nostalgia for old labour

2 02 2012

Clifford Biddulph reviews ‘Chavs: The Demonization of the Working Class’

Owen Jones describes how hatred of the working class finds expression in discourse, in negative images and gross exaggerations and distortions of working class experience in the media. The myth that we are all middle class except the chavs. We are all familiar with anti working class stereotypes, such as Vicky Pollard, the comic creation of the posh Matt Lucas and David Walliams, who come from a privileged background. Owen explains how the mockery of the working class demonstrates their social inferiority for their tormentors and superiors. It’s a culture which blames the victims rather than social injustice or structured social inequality in capitalism. It’s the way the “working class rump” lives that’s seen as the problem. But what is Owen’s alternative?

Owen argues that it all begins with Thatcherism. Contempt for working class people build up under Thatcher. The lingering demise of the working class started with Thatcher. The real culprit is not the life style of the workers, but the industrial collapse, first unleashed by Thatcherism. The destruction of industry left the economy dangerously reliant on the financial institutions of the city of London. But deindustrialisation also destroyed working class communities. Working class pride, community spirit, and collective values were dismantled. Local working class identity which formed around factories and pits where workers families were rooted for generations disintegrated. But this process did not end with Thatcher, it was continued by New Labour. This is the idea that the interests of the wealthiest are essential for the well being of society as a whole. But old Labour were different.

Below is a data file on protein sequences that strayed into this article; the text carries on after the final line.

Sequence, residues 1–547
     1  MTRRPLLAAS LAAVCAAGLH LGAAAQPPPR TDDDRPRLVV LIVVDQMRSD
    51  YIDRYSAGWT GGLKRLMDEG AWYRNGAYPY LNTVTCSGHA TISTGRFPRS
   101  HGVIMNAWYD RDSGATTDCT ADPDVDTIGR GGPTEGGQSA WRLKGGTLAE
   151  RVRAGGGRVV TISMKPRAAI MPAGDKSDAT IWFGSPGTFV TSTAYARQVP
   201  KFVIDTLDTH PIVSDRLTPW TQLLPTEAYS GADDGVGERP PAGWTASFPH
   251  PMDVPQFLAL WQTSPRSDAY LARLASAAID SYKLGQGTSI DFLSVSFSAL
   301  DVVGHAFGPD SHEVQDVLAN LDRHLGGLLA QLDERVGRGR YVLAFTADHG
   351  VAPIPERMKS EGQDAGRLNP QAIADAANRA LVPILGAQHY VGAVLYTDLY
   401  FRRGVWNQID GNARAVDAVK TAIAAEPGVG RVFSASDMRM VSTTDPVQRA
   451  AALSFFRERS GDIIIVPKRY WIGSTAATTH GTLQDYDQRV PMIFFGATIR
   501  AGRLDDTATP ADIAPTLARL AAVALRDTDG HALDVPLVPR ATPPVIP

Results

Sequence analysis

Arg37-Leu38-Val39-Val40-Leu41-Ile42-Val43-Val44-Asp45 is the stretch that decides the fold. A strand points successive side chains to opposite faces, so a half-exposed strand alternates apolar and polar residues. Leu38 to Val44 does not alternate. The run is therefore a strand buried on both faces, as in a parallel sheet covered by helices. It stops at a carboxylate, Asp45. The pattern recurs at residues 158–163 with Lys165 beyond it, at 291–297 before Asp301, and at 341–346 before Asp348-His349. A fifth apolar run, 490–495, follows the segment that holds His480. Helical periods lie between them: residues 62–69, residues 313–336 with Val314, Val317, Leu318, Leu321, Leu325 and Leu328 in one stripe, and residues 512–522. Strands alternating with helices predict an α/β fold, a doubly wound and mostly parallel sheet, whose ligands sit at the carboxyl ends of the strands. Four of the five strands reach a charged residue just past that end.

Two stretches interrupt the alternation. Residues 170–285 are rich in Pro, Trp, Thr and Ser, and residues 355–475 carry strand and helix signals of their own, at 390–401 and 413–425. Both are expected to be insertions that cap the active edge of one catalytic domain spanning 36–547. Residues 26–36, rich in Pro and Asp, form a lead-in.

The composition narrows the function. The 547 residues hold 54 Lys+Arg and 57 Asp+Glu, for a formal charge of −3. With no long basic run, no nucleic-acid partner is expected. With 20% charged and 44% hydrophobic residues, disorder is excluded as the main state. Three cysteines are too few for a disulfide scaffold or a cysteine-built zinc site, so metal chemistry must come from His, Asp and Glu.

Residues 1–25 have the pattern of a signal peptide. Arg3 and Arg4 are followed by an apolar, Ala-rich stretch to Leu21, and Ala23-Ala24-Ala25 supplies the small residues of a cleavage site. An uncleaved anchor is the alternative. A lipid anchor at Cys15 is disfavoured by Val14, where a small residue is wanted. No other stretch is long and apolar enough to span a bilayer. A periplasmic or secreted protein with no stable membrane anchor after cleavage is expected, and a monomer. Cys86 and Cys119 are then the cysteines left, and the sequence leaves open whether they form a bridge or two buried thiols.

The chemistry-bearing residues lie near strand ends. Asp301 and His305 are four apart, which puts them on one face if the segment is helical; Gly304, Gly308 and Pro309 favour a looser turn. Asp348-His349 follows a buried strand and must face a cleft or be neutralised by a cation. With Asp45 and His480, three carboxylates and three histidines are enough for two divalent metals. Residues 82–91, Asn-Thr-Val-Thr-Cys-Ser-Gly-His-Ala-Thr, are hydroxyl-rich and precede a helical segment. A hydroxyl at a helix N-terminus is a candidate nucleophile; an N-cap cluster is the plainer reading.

Owen laments the lack of old Labour parliamentarians and the lack of opportunities for working people to rise through parliament from the pit, dock and factory to represent the working class. Parliament has become a closed shop to Labour politicians from a working class background. Owen asks where are the Herbert Morrisons, Ernest Bevins and Nye Bevans. Why do we not have these old Labour statesmen anymore? His answer is that the idea that Labour gave a voice to the working class and championed their interests and needs was weakened during the 1980’s. Yes, in Owens view, old Labour remained committed to the idea of raising the conditions of the working class. But Owen seems to be aware of the history of the Labour party since he immediately adds a significant qualification : even if this sometimes amounts to lip service. But parliamentary old Labour can rise again, because unless working class people can be properly represented, Britain faces the prospect of an angry right wing populism. This is not an endorsement of working class self activity and the ability of the working class to transform itself and capitalism.